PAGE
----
ⓘ History of Oxfordshire


ⓘ History of Oxfordshire

The county of Oxfordshire in England was formed in the early years of the 10th century and is broadly situated in the land between the River Thames to the south, the Cotswolds to the west, the Chilterns to the east and The Midlands to the north, with spurs running south to Henley-on-Thames and north to Banbury.

Historically this area has always had some importance, containing valuable agricultural land in the center of the country and the prestigious University in the city of, County of Oxford, whose name came from Anglo-Saxon Oxenaford = "Ford for oxen". Ignored by the Romans, it was not until the formation of a settlement at Oxford in the 8th century that the area of increased importance. Alfred the Great was born across the Thames in wantage in Berkshire. The University of Oxford was founded in 1096, though its collegiate structure did not develop later. The area was part of the Cotswolds wool trade from the 13th century, generating much wealth, particularly in the Western part of Oxfordshire in the Cotswolds. Morris Motors was founded in Oxford in 1912, attracting heavy industry to an otherwise rural district. The importance of agriculture as an employer has declined sharply in the 20th century, although, currently one percent of the countys population are involved due to high mechanisation.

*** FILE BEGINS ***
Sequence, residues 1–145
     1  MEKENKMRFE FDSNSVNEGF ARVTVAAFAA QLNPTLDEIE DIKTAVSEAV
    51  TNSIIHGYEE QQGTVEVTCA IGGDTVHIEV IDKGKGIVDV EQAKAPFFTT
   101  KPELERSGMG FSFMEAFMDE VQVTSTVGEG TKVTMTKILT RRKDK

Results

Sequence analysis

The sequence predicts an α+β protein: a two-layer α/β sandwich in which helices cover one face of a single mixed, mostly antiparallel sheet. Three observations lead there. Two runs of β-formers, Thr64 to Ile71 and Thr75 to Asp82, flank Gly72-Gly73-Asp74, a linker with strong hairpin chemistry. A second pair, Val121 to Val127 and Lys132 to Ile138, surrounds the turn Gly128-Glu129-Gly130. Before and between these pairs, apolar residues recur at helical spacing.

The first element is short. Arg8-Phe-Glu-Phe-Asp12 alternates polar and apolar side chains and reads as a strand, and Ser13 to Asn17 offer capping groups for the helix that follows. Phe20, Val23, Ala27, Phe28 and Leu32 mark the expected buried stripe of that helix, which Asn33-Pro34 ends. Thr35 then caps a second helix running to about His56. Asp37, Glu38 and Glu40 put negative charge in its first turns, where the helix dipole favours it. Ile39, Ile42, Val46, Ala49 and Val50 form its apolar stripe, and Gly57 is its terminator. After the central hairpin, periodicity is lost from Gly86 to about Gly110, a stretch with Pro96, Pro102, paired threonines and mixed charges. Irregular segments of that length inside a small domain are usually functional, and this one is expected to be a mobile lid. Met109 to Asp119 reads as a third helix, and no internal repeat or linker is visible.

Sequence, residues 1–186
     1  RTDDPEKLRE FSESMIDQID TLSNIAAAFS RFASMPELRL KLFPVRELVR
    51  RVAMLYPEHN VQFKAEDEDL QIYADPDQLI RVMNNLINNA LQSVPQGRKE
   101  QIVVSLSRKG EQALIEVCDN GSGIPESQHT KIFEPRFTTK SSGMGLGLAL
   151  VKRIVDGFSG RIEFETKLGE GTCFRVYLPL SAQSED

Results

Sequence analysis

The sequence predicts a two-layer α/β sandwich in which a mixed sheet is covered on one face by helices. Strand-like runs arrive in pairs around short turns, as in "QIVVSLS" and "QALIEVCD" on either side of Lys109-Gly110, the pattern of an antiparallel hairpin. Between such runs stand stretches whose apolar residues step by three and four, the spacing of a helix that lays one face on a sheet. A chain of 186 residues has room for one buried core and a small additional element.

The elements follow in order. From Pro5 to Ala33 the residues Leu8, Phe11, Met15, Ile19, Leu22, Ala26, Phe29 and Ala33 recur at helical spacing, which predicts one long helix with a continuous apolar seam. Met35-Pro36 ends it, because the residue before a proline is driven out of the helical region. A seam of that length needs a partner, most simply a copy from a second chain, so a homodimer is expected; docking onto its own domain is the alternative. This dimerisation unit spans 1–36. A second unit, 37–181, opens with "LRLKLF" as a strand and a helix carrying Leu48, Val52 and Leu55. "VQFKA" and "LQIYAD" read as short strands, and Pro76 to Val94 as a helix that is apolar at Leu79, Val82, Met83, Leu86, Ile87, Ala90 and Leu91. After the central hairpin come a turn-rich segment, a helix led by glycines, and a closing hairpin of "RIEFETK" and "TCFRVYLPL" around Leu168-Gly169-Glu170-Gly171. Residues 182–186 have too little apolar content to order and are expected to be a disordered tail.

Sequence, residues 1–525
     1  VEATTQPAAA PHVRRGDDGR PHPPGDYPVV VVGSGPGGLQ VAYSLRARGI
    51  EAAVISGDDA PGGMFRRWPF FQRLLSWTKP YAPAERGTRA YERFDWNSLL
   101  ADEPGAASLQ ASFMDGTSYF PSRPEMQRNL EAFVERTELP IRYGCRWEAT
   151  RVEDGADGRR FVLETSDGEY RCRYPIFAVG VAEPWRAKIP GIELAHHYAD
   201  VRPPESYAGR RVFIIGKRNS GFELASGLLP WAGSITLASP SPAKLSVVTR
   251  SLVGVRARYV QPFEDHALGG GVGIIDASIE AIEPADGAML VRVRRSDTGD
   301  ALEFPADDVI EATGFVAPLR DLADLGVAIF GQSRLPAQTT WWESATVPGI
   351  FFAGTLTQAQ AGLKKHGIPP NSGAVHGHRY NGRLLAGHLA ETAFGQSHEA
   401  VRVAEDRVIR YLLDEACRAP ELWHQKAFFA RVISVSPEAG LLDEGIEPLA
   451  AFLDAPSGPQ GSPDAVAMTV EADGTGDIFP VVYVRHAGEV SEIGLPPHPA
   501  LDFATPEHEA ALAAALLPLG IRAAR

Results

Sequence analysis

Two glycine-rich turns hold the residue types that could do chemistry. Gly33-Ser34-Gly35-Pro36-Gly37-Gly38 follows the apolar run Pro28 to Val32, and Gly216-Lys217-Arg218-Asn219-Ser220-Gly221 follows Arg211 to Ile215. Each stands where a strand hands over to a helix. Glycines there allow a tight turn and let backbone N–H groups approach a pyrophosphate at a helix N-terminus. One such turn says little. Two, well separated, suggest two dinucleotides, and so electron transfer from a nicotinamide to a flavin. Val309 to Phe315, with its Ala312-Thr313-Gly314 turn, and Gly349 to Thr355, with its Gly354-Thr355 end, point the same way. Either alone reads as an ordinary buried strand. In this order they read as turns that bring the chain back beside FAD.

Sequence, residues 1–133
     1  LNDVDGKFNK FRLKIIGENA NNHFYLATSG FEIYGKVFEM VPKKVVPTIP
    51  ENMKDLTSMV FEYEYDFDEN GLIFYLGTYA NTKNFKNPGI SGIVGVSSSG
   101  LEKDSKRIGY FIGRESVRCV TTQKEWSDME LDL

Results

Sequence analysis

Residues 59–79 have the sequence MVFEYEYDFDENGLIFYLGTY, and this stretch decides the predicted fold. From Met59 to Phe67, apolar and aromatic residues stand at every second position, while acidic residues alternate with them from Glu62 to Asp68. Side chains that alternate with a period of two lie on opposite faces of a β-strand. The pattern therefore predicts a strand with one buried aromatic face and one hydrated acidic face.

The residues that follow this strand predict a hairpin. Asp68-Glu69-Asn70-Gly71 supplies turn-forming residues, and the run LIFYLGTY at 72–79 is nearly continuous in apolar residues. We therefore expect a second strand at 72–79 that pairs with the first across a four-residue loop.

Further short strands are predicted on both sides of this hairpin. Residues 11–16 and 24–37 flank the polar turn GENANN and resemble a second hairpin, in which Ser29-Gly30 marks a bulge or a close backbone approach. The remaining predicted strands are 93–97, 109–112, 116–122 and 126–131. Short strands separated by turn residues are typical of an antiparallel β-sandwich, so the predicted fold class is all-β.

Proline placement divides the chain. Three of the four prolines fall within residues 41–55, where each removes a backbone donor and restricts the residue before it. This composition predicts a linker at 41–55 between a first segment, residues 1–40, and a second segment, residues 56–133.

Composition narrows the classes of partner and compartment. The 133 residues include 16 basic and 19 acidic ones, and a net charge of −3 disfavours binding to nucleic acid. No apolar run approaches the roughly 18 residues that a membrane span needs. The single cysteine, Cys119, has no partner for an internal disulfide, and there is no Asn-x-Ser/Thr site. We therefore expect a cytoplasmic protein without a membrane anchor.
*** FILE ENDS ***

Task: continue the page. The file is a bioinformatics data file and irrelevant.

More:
There are fourteen hundreds in Oxfordshire, among them-five of the Chiltern hundreds. Jurisdiction over these five belonged to the manor of Benson, and in 1199 Robert De Harecourt, whose name still can be found in the County in the harcourts of Stanton Harcourt and Nuneham. The district includes small portions of Berkshire and Buckinghamshire, which lie in the hundreds of Bampton and high street respectively.

For most of its history the County was divided into fourteen hundreds, namely Bampton, Banbury, Binfield, Bloxham, Bullingdon, Chadlington, Dorchester, Ewelme, comfortable, Lewknor, Pyrton, high street, Thame and Wootton.

There have been few changes in the districts boundaries, but acts of William IV and Victoria slightly increased its area.